But stories can be undermined by clumsy delivery, so they are weakened if you fumble for words or -- eqully bad -- recite from a memorized script. By far the best way to tell any story is to tell it from the heart, remembering just the story and not the exact words. It might look like this comes naturally to some speakers but it is always the result of years of practice and a deliberate effort to master the art.

Anyone can learn to tell stories compellingly. Part of the problem is simply having enough speaking experience, and if you feel that you don't have enough the answer is to speak more often. There really is no alternative. You can't learn to speak by reading a book or …

Five Ways to Get More LinkedIn Connection Requests Accepted

Though I try to keep up with incoming LinkedIn connection requests there is still a backlog in my pending list. Some are probably spammers and some are just people who have no idea who I am, but there are probably some genuine requests in the list. Looking through the pending requests I realize that many of them would have been accepted immediately if the sender had made it clearer who they were or how our paths crossed. There are, in fact, five handy techniques anyone -- me included -- can use to make it more likely that connection requests are accepted immediately;

Personalize the connection message. By far the best way to get a connection request accepted is to personalize the message, clarifying why you want to connect and how you thought of the person. LinkedIn changes the interface regularly but at present the only place you have this option is when you send a connection request from the person's profile, not from search results. You should in any case always look at someone…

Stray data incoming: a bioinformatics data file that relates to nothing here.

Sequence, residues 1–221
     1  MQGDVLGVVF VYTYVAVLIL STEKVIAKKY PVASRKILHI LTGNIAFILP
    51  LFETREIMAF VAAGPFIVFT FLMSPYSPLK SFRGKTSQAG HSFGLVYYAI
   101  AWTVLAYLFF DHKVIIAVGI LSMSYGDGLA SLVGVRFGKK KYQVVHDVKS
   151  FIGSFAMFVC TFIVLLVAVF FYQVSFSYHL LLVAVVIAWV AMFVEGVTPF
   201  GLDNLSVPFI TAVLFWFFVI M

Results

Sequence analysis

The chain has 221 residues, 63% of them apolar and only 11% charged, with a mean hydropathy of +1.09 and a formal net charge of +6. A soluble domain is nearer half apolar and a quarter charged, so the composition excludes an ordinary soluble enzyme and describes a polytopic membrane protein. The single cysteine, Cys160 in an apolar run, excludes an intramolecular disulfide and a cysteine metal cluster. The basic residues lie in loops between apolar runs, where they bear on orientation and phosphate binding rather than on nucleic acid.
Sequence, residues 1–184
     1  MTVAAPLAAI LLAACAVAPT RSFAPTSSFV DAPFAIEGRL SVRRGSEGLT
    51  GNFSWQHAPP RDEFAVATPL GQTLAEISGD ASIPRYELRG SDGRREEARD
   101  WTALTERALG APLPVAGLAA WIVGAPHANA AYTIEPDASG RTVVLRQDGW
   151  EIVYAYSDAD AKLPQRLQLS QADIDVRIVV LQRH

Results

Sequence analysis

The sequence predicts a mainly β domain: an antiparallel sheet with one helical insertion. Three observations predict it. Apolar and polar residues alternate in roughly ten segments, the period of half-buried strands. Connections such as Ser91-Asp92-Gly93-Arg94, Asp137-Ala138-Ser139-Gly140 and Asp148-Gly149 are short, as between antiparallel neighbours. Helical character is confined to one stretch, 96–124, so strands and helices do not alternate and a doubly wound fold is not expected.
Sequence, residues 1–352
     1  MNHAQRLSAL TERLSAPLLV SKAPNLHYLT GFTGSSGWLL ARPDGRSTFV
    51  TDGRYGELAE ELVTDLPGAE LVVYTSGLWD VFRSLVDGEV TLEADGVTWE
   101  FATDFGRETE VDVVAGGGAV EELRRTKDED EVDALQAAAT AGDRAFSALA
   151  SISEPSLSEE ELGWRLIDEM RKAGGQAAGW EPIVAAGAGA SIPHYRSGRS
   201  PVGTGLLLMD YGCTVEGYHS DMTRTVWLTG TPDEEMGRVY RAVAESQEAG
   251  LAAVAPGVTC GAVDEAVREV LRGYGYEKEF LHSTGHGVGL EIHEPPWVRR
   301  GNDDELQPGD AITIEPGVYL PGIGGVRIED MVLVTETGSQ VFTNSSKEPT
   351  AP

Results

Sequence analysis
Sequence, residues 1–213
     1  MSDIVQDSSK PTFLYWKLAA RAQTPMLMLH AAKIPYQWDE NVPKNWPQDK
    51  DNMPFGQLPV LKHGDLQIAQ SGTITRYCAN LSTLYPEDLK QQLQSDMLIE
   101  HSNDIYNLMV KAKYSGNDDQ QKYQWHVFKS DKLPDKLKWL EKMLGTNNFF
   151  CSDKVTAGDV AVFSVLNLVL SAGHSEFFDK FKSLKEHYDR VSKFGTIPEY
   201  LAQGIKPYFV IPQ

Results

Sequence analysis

Speaking: Three Reasons to Use a Microphone

Watch behind the scenes at any event long enough and sooner or later you'll hear a speaker refuse the microphone, saying "That's ok, I can manage without it."  Perhaps they can 'manage', but they should still use the microphone for reasons that might not be so obvious.

People can't hear you. Maybe you could manage to make yourself heard at the back of the room, but this is in fairly ideal circumstances where everyone is quiet, the acoustics are good and you are using full power all the time. Reality is different. Even people standing still in silence still make noise. There are other noise sources, too, like air conditioner fans and equipment cooling fans -- maybe also traffic noise from the street outside. You might also start with a bold clear voice, but most likely you will not sustain it for the entire speech. And don't try asking people if they can hear you. Nobody ever says that they can't hear you. They might even say that they can, but the…